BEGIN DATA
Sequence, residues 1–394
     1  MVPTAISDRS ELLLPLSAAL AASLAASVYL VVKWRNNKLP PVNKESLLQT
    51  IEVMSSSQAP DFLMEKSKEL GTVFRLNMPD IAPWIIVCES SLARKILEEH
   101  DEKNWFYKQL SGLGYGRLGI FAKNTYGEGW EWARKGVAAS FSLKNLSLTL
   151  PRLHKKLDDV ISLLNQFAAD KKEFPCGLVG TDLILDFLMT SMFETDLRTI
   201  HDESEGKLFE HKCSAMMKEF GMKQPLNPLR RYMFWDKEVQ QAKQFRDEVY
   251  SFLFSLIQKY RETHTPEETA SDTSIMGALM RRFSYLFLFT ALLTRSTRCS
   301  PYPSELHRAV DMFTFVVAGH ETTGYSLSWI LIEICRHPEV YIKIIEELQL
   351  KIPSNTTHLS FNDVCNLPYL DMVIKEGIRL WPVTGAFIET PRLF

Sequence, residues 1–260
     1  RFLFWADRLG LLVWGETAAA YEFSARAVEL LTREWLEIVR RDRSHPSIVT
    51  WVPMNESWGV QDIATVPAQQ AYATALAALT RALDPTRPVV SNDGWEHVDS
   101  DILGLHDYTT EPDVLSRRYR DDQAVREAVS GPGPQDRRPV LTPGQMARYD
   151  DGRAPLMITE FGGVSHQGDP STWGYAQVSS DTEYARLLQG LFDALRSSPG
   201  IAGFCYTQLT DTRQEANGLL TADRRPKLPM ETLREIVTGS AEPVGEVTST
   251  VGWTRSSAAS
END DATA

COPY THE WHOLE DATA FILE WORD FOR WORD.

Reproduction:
Sequence, residues 1–394
     1  MVPTAISDRS ELLLPLSAAL AASLAASVYL VVKWRNNKLP PVNKESLLQT
    51  IEVMSSSQAP DFLMEKSKEL GTVFRLNMPD IAPWIIVCES SLARKILEEH
   101  DEKNWFYKQL SGLGYGRLGI FAKNTYGEGW EWARKGVAAS FSLKNLSLTL
   151  PRLHKKLDDV ISLLNQFAAD KKEFPCGLVG TDLILDFLMT SMFETDLRTI
   201  HDESEGKLFE HKCSAMMKEF GMKQPLNPLR RYMFWDKEVQ QAKQFRDEVY
   251  SFLFSLIQKY RETHTPEETA SDTSIMGALM RRFSYLFLFT ALLTRSTRCS
   301  PYPSELHRAV DMFTFVVAGH ETTGYSLSWI LIEICRHPEV YIKIIEELQL
   351  KIPSNTTHLS FNDVCNLPYL DMVIKEGIRL WPVTGAFIET PRLF

Sequence, residues 1–260
     1  RFLFWADRLG LLVWGETAAA YEFSARAVEL LTREWLEIVR RDRSHPSIVT
    51  WVPMNESWGV QDIATVPAQQ AYATALAALT RALDPTRPVV SNDGWEHVDS
   101  DILGLHDYTT EPDVLSRRYR DDQAVREAVS GPGPQDRRPV LTPGQMARYD
   151  DGRAPLMITE FGGVSHQGDP STWGYAQVSS DTEYARLLQG LFDALRSSPG
   201  IAGFCYTQLT DTRQEANGLL TADRRPKLPM ETLREIVTGS AEPVGEVTST
   251  VGWTRSSAAS